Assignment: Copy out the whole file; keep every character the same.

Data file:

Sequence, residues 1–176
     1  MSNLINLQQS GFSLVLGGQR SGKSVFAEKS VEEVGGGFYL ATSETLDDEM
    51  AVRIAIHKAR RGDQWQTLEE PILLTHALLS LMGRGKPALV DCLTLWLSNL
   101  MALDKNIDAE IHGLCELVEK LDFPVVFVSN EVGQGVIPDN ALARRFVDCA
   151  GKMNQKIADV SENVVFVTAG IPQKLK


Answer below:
Sequence, residues 1–176
     1  MSNLINLQQS GFSLVLGGQR SGKSVFAEKS VEEVGGGFYL ATSETLDDEM
    51  AVRIAIHKAR RGDQWQTLEE PILLTHALLS LMGRGKPALV DCLTLWLSNL
   101  MALDKNIDAE IHGLCELVEK LDFPVVFVSN EVGQGVIPDN ALARRFVDCA
   151  GKMNQKIADV SENVVFVTAG IPQKLK